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Low Vitamin D May Not Worsen Menopause Symptoms

Article-Low Vitamin D May Not Worsen Menopause Symptoms

<p>A new study from the Women's Health Initiative (WHI) shows no significant connection between vitamin D levels and menopause symptoms, according to a new study published in the journal Menopause.</p>

CLEVELAND—A new study from the Women's Health Initiative (WHI) shows no significant connection between vitamin D levels and menopause symptoms, according to a new study published in the journal Menopause.

Researchers analyzed the relationship between the blood levels of vitamin D and a number of menopause symptoms, including hot flashes, night sweats, sleep disturbance, concentration and forgetfulness in 530 women who participated in the calcium and vitamin D WHI trial.

Researchers decided to explore a possible link between the two after prior studies have implied some relationship. For example, breast cancer patients with higher vitamin D levels have fewer hot flashes and other symptoms than women with lower levels. Supplementing vitamin D can improve mood and protect against depletion of serotonin, which plays a role in regulating body heat. And vitamin D deficiency can result in muscle and joint pain.

Furthermore, estrogen plays a role in activating vitamin D, meaning that the estrogen deficiency that comes with menopause could worsen any problems with vitamin D deficiency.

Researchers founds the number of symptoms and vitamin D levels had a borderline significant relationship at first, but after analysts adjusted for multiple comparisons, the association disappeared. And in looking at multiple comparisons, no individual menopause symptoms were significantly associated with vitamin D either.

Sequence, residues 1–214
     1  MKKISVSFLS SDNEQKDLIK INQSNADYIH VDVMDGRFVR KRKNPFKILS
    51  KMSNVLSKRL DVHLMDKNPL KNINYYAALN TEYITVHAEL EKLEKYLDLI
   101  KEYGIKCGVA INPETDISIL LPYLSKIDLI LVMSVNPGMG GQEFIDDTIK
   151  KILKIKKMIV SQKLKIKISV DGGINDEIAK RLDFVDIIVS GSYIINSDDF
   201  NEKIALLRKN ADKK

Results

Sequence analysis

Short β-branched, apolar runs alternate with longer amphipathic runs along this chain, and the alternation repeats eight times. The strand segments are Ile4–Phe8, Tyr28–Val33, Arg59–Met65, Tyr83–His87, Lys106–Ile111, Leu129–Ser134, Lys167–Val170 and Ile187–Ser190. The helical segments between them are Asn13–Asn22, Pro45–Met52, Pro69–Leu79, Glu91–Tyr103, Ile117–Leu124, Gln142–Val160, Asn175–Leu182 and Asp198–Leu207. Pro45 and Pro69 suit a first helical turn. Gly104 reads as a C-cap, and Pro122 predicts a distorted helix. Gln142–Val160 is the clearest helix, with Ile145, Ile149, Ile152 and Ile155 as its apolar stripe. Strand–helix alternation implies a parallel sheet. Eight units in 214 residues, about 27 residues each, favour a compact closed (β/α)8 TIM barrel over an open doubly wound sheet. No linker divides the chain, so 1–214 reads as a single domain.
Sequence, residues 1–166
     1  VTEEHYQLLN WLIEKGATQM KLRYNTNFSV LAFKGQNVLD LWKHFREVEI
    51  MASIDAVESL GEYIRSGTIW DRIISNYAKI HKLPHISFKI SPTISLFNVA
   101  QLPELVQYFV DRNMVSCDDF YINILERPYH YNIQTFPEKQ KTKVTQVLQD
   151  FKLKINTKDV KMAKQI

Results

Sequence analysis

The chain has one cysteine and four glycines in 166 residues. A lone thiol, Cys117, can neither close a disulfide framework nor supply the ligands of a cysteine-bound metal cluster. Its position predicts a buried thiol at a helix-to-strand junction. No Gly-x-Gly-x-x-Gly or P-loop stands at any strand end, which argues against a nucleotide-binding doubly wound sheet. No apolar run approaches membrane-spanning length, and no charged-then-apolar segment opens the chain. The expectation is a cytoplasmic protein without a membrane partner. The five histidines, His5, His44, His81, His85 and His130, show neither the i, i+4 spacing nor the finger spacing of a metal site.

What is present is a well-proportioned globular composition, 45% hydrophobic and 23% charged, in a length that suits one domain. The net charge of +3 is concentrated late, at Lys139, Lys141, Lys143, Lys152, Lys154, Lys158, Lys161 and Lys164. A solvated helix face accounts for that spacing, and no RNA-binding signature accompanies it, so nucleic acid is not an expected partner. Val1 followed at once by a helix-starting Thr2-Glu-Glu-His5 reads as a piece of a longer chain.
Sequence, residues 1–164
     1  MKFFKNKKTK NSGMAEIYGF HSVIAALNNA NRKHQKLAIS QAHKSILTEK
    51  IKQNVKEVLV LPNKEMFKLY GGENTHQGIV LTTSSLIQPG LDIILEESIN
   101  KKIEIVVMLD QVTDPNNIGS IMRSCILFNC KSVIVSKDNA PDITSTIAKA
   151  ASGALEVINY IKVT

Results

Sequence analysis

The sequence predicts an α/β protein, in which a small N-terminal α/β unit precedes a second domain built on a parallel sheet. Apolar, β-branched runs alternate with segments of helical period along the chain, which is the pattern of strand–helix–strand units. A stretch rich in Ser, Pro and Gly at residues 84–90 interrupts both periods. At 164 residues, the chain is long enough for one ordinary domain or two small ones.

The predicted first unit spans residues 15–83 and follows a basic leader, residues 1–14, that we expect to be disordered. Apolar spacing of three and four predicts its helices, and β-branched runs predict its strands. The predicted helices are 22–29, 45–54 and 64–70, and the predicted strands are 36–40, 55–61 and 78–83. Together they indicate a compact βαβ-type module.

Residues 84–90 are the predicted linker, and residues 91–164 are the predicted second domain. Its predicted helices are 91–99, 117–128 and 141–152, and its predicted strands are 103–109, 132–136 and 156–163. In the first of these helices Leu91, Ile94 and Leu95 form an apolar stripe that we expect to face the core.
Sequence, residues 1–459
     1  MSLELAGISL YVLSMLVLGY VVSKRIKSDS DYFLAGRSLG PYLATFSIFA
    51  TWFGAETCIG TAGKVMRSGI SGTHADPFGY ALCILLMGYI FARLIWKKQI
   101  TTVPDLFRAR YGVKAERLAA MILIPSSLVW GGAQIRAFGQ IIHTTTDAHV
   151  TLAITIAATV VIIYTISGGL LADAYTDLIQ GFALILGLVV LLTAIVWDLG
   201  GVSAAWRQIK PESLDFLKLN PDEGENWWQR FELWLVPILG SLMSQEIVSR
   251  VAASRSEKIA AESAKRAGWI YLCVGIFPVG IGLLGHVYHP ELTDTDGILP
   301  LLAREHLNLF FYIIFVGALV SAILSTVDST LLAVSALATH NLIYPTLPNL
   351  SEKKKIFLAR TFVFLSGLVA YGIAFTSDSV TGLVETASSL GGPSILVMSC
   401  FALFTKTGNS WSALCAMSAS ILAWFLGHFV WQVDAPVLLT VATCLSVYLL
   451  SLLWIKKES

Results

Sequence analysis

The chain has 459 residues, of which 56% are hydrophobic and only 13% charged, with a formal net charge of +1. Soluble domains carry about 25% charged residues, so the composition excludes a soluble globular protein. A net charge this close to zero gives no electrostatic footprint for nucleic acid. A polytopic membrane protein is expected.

Currently, vitamin D daily requirements for adults is 400 to 600 IU per day. But a large and growing body of scientific opinion says the current vitamin D RDA needs to be elevated to 1,000 to 2,000 IU per day to gain maximal benefit from the many biological activities attributed to vitamin D. With almost 50% of Americans deficient in vitamin D—due in part to reduced sun-exposure rates resulting from fear of skin cancer—it's critical to provide consumers alternate ways to increase intake of this critical nutrient, possibly via foods or beverages fortified with vitamin D.  

However, one of the biggest questions being asked now is whether vitamin D supplementation can treat diseases associated with vitamin D deficiency. Many ongoing studies are testing this hypothesis in cancer, multiple sclerosis, cardiovascular disease and diabetes. Multiple well-controlled clinical studies will be needed to clearly demonstrate that vitamin D supplementation will improve conditions brought on by vitamin D deficiency. A Gallery from Food Product Design's FoodTech Toolbox, "Vitamin D: Illuminating the Sunshine Vitamin," dives into this critical nutrient and the important health issue that can be addressed through increasing exposure to sunlight or by consuming higher levels.

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